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Ditto on Ayende’s Microsoft OSS Post

 

I want to comment a bit on The Problem of Open Source in the Microsoft World from Ayende.  Please go read his post and add your voice somewhere.  I actually do believe that Microsoft listens to us, we just have to start asking for the right things. 

I strongly believe that a friendlier attitude from Microsoft towards OSS tools in .Net can only benefit us — and Microsoft as well I would think.  Recently, one of the senior developers at my client asked my opinion in regards to .Net versus Java.  That's not an interesting conversation in terms of pure technology anymore (.Net/Java versus Ruby/Python/LAMP is far more interesting).  In terms of development community though, I think there is a vast gulf between Java and .Net, at least at the upper end.  I openly admire the vibrant OSS community in Java (I'm downright jealous of the community around Rails) and the wealth of innovation that they have sparked.  The .Net development community seems to either:

  1. Wait for Microsoft's new tools and use them without any critical evaluation.  Are you sure that Enterprise Library is the best choice?  Could it be better?  Are there existing alternatives that are better?  Could we write something much simpler than CAB and use that instead? 
  2. Or port something from Java and now Ruby

I think the lack of innovation from the .Net community is extremely disappointing.  We hurt ourselves By limiting .Net innovation to Redmond and Java leftovers.  I'd really just like to see more of an attitude of "we can do it ourselves" rather than having tunnel vision on Redmond.  And the old excuse that innovation is lacking because .Net is much newer than Java?  It's been 5-6 years now.  That excuse is tired. 

Microsoft developer tools are primarily geared around RAD development  (I've banned the "M" word from my blog, but you know that I'm thinking about "M's" here).  Doing Domain Driven development with Agile practices might not even be possible or efficient without the OSS tools that have historically provided the gaps between Microsoft's tooling.  Those tools have been, and continue to be, important.  Microsoft *still* does not have a fullblown Inversion of Control tool, a released O/R mapper, a Continuous Integration tool, or a mock object library.  All OSS tools that I depend on almost daily.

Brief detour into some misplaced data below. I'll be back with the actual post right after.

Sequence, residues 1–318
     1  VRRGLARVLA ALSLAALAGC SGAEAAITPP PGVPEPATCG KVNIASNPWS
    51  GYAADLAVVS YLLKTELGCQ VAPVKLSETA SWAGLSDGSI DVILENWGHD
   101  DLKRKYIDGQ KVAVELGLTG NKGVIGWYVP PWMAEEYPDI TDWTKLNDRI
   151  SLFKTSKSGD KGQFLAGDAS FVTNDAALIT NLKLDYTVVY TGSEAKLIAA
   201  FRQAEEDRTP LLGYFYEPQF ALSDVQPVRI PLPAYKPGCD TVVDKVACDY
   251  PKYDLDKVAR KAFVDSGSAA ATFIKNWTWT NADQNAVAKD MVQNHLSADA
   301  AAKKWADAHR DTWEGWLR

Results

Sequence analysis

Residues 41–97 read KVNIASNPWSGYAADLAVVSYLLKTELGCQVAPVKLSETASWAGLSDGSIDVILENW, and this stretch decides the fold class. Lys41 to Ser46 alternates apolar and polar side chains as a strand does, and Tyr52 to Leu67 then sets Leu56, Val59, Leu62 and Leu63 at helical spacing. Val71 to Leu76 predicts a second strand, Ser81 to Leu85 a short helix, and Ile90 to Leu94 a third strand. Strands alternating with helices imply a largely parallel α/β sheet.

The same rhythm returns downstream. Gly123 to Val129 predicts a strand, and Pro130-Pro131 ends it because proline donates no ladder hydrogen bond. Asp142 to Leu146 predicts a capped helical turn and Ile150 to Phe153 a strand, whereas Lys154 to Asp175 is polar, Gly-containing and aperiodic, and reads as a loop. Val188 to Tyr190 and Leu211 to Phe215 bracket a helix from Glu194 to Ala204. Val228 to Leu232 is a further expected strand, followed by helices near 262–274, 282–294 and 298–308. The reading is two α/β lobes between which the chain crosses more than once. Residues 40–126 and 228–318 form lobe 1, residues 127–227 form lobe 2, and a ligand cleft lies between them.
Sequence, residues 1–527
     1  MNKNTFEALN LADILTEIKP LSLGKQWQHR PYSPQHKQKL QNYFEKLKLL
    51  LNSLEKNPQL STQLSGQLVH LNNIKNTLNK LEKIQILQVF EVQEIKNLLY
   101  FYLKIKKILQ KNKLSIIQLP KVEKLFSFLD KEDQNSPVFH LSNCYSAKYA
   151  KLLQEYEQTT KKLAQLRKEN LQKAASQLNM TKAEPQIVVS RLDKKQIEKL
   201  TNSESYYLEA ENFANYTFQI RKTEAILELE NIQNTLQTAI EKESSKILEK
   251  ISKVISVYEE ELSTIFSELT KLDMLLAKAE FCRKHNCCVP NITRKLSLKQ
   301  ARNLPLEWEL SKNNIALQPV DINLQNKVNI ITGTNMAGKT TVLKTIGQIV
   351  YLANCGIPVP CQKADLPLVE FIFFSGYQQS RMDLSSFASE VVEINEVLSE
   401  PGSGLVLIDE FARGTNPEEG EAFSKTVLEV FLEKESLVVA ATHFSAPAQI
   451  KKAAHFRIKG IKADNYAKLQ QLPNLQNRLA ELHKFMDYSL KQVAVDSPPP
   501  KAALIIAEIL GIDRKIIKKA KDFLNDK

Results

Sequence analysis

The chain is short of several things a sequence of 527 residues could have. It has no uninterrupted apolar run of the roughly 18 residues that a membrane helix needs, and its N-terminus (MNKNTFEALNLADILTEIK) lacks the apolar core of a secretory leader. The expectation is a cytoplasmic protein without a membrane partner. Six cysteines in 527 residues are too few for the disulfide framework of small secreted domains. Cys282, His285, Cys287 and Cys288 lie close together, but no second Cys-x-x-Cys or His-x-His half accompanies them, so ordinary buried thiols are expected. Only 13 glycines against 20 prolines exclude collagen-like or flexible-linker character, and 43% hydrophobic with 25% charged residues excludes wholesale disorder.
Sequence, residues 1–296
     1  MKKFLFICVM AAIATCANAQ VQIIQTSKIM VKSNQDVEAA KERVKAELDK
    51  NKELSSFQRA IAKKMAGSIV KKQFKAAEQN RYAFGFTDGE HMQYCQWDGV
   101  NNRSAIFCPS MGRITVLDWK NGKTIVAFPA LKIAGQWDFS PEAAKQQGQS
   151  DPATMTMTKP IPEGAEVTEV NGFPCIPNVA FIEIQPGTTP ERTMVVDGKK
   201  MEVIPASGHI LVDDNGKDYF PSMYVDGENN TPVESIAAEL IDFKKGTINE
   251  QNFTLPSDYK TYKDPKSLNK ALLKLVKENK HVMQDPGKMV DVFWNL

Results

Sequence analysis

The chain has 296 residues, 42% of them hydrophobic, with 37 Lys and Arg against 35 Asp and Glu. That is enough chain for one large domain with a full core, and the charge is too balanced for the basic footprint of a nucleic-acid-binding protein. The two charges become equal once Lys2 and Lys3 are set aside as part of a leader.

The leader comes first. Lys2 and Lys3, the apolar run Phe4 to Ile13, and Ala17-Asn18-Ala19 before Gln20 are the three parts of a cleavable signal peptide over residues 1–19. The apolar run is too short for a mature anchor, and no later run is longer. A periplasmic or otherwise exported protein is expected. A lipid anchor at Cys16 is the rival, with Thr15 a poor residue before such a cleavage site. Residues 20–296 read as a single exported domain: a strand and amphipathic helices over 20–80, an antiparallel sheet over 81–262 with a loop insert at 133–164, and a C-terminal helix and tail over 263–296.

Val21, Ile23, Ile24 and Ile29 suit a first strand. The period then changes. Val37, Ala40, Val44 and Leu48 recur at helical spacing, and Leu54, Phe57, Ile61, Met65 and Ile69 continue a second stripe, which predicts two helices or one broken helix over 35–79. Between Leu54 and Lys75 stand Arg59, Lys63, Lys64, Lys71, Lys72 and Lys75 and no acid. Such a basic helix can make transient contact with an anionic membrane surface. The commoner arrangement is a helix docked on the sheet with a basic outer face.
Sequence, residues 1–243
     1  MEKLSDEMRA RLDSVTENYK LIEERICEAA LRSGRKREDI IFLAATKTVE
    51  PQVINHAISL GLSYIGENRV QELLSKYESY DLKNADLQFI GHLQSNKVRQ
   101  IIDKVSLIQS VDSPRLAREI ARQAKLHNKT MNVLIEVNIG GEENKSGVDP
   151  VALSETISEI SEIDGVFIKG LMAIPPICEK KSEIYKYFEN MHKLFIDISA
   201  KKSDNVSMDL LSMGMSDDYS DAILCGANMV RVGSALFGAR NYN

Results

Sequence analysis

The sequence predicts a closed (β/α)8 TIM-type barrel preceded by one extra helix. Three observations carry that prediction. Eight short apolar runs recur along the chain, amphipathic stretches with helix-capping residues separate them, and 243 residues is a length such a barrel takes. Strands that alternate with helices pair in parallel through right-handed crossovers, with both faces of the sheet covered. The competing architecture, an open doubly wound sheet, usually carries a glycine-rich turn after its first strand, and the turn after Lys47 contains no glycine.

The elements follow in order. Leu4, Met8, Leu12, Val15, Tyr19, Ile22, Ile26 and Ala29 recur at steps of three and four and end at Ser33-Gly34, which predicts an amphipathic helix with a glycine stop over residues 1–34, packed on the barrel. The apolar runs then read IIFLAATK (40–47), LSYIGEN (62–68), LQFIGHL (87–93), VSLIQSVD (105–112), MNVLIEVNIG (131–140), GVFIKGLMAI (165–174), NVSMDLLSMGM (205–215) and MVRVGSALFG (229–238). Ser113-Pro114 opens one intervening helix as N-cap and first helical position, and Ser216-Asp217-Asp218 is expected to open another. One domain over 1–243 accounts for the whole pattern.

If nothing else, OSS tools, especially developer tools, can be driven by developer needs faster than Microsoft can possibly move — and Microsoft can't possibly anticipate every need.

By the way, my money is where my mouth is.  I'm not as prolific as Ayende (nobody is), but my OSS resume is:

  • StructureMap – Dependency Injection tool (first release in June 2004)
  • StoryTeller – .Net tooling for FitNesse testing (shooting for the first alpha in January 2007)

and I will be contributing some enhancements to NUnitForms and FitnesseDotNet (shows its heritage as a Java port way too much).

I would definitely recommend being involved in an OSS project.  My OSS work has positively contributed to my career path.  I wouldn't say that it's brought me any particular fame, but it's been a great learning experience.  I started StructureMap as a way to learn .Net when I was stuck in a non-coding architect role.  Besides being useful in and of itself, it gave me a toolbench to try out TDD and design patterns that I've used on paying projects since.

 

Does anybody know where JetBrains stands in regard to a full .Net IDE ala IntelliJ?  I'd concur with Ayende and the commenters that I think our best hope is JetBrains.  I have this ridiculous vision of a bunch of developers with bad hair saying "help me JetBrains, you're my only hope."

I still dislike the GPL license by the way.  We're using a GPL licensed tool in our code base that has a specific provision to allow you to redistribute the binary as is in your own product just like NAnt.  Very early on I predicted that the company's inhouse lawyer would have a conniption over the license.  I'm apparently psychic because my prediction unfolded exactly the way I said it would.  I get the utopian ideal behind the GPL, but the benefits of being an OSS author are indirect.  The specific gains are reputation and often a chance to learn from working on projects that are quite different or more challenging than your day job.  The gains are primarily derived from somebody else using your OSS tool.  By slapping the GPL on it you're effectively dooming the fruits of your labor to the dust bin (or academia).

 

P.S. — I partially blame lawyers for this because I know that part of MS's attitude is due to a fear of legal proceedings over intellectual property rights. 

About Jeremy Miller

Jeremy is the Chief Software Architect at Dovetail Software, the coolest ISV in Austin. Jeremy began his IT career writing "Shadow IT" applications to automate his engineering documentation, then wandered into software development because it looked like more fun. Jeremy is the author of the open source StructureMap tool for Dependency Injection with .Net, StoryTeller for supercharged acceptance testing in .Net, and one of the principal developers behind FubuMVC. Jeremy's thoughts on all things software can be found at The Shade Tree Developer at http://codebetter.com/jeremymiller.
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